State health officials visit McKeesport SHIP flu clinic
By Jennifer R. Vertullo
Published: Wednesday, Dec. 7, 2011
In a National Influenza Vaccination Week tour, state health officials visited McKeesport to observe a local flu shot clinic.
The McKeesport Healthier Communities PartnerSHIP has been a model for influenza vaccine distribution among its Mon River Fleet partners and in communities across the state.
And on Tuesday, the Department of Health and the Mon River Fleet hosted a press conference to highlight prevention partnerships during a clinic session at Action Housing along Sinclair Street in McKeesport.
"The partners here today assist the Department of Health in carrying out two shared goals to increase the years and quality of life for all Pennsylvanians and to eliminate health disparities," said Martin Raniowski, deputy secretary of health planning and assessment.
In this cold and flu season, Raniowski said, such goals can be met by bringing the influenza vaccine to more people, which is achieved by breaking down barriers for access to health care.
Last season, 19,190 laboratory-confirmed cases of influenza were reported to the state Department of Health, and Raniowski explained, those reported cases represent only a fraction of the flu's total public health burden.
In conducting flu clinics at 60 state health centers, the state Department of Health sees National Influenza Vaccination Week as an opportunity to share information and limit the number of individuals affected by influenza this season.
During Tuesday's visit to McKeesport, Raniowski praised the McKeesport SHIP and its partners in the Mon River Fleet for recognizing the impact influenza vaccination can have on community health.
UPMC McKeesport president Cynthia Dorundo said the impact of partnership is profound in the regional influenza vaccination project.
The SHIPS, or State Health Improvement Plans, that make up the Mon River Fleet McKeesport, Clairton, Duquesne and Braddock serve some of the poorest communities in Allegheny County.
"In fact, nine of the 10 poorest communities in Allegheny County are located right here in the Mon Valley region we serve," Dorundo said. "In addition, our service area represents the concentration of the oldest populations in the county, which itself has one of the most aged populations in the entire country."
With poverty and aging combined, Mon Valley health care providers are dealing with a truly at-risk population for chronic and serious health risks, Dorundo said.
"That means it takes an extraordinary vision and an extraordinary sense of commitment to impact the health of our communities," she said. "That's what we recognize today the success of a program that this year alone has already delivered some 5,300 free flu shots to our most fragile and vulnerable residents."
With this year's incomplete number included, the Mon River Fleet has distributed 30,000 vaccines since the program began.
"For the Mon River Fleet, this is a feather in our cap," said Michele Matuch, facilitator for both the McKeesport SHIP and the Fleet. "With what we've done in the eight years by distributing influenza vaccines, we have set a model in the state of Pennsylvania."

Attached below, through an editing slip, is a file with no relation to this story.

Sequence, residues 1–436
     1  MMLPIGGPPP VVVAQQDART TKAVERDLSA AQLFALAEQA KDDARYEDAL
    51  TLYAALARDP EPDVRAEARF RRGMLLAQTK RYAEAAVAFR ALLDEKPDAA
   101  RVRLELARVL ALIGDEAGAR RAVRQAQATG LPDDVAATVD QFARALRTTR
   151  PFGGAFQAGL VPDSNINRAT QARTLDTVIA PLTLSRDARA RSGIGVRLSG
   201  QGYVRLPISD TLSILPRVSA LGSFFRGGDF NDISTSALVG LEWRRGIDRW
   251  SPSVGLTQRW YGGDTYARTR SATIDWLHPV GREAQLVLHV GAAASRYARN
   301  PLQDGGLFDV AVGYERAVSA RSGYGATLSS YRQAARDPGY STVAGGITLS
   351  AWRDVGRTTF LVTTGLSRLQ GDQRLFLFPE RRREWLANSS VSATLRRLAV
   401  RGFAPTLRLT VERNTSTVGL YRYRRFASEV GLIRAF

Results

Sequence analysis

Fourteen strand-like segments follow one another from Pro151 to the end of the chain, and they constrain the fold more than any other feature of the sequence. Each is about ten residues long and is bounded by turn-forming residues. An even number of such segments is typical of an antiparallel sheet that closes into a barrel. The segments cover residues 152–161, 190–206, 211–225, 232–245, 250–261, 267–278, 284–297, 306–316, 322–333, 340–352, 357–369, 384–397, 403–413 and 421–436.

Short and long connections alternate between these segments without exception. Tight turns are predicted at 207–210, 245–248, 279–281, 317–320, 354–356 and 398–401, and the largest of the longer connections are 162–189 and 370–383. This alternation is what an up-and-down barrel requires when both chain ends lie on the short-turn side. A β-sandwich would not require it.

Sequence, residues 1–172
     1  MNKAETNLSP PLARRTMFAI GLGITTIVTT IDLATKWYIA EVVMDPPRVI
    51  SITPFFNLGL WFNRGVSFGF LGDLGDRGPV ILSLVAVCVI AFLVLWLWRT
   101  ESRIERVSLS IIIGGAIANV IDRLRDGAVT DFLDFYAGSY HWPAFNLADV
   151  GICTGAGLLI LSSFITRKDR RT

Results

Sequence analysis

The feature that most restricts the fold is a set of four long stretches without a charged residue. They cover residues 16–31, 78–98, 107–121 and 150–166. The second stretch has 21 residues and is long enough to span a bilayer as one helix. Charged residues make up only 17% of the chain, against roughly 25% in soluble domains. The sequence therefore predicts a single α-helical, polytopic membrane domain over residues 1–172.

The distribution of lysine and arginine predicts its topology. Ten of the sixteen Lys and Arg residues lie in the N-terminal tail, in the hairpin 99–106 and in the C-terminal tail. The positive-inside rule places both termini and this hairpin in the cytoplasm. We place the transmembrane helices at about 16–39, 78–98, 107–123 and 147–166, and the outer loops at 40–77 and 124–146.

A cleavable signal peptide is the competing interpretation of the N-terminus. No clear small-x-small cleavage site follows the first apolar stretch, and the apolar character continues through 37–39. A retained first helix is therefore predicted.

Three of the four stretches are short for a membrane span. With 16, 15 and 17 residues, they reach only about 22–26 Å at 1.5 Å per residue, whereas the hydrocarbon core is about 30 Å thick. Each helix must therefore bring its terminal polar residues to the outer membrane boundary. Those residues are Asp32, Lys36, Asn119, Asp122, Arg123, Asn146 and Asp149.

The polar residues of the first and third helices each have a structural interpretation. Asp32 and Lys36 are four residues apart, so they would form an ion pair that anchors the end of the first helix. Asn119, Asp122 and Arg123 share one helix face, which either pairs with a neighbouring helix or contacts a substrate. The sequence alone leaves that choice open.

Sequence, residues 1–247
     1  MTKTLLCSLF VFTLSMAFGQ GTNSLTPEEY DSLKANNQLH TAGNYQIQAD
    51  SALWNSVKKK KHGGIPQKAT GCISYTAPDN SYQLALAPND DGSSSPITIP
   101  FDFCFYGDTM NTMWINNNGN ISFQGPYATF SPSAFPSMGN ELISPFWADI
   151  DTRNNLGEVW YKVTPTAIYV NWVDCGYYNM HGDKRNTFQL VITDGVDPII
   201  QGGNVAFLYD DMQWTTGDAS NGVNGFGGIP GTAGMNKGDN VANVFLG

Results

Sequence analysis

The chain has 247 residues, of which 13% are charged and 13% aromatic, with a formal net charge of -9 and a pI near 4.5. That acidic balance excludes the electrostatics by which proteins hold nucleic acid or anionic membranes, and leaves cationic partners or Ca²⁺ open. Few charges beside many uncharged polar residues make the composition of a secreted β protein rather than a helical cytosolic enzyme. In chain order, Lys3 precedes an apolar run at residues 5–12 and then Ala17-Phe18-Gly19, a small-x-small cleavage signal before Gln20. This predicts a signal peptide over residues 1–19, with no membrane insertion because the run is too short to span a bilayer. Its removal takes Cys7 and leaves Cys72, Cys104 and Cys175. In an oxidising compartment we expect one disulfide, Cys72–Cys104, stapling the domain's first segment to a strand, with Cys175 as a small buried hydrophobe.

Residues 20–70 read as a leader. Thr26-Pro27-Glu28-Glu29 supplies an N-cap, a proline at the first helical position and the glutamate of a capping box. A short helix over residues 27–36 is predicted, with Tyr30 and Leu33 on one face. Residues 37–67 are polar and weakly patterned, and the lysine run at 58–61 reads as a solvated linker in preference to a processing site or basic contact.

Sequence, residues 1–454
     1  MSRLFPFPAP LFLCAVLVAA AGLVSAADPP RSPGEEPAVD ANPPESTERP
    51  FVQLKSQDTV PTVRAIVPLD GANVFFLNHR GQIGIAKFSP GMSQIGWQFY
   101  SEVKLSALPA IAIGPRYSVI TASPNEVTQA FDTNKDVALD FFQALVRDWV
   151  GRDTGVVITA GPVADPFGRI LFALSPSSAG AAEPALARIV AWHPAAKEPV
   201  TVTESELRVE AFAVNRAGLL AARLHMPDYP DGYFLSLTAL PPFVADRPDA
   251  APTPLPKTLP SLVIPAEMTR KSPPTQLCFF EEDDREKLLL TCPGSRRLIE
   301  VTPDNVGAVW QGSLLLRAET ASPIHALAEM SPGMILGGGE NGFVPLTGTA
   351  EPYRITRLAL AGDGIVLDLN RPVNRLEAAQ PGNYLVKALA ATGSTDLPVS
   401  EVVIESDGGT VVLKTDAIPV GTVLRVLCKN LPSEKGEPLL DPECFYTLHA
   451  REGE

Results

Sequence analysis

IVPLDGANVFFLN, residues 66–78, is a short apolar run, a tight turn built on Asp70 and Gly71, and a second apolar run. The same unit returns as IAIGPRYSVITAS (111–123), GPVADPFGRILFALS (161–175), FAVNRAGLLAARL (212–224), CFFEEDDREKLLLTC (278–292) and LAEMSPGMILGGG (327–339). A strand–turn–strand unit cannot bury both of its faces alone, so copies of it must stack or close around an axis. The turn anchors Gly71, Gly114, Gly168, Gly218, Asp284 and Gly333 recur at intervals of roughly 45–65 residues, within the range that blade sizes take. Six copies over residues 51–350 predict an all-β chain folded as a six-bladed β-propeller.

Clairton's Healthier Communities PartnerSHIP actually gained its SHIP status in 2003 through participation in McKeesport's influenza initiative.
"This is huge," Clairton SHIP facilitator Alice Jones said after Tuesday's press conference. "Not only in terms of the vaccines themselves, but also that we are able to bring this service to our communities.
"We can provide these vaccines and other health care-related services to our young Head Start children, to their families, and to our aging population."
Show commenting policy
TribLive commenting policy
You are solely responsible for your comments and by using TribLive.com you agree to our Terms of Service.
We moderate comments. Our goal is to provide substantive commentary for a general readership. By screening submissions, we provide a space where readers can share intelligent and informed commentary that enhances the quality of our news and information.
While most comments will be posted if they are on-topic and not abusive, moderating decisions are subjective. We will make them as carefully and consistently as we can. Because of the volume of reader comments, we cannot review individual moderation decisions with readers.
We value thoughtful comments representing a range of views that make their point quickly and politely. We make an effort to protect discussions from repeated comments either by the same reader or different readers.
We follow the same standards for taste as the daily newspaper. A few things we won't tolerate: personal attacks, obscenity, vulgarity, profanity (including expletives and letters followed by dashes), commercial promotion, impersonations, incoherence, proselytizing and SHOUTING. Don't include URLs to Web sites.
We do not edit comments. They are either approved or deleted. We reserve the right to edit a comment that is quoted or excerpted in an article. In this case, we may fix spelling and punctuation.
We welcome strong opinions and criticism of our work, but we don't want comments to become bogged down with discussions of our policies and we will moderate accordingly.
We appreciate it when readers and people quoted in articles or blog posts point out errors of fact or emphasis and will investigate all assertions. But these suggestions should be sent via e-mail. To avoid distracting other readers, we won't publish comments that suggest a correction. Instead, corrections will be made in a blog post or in an article.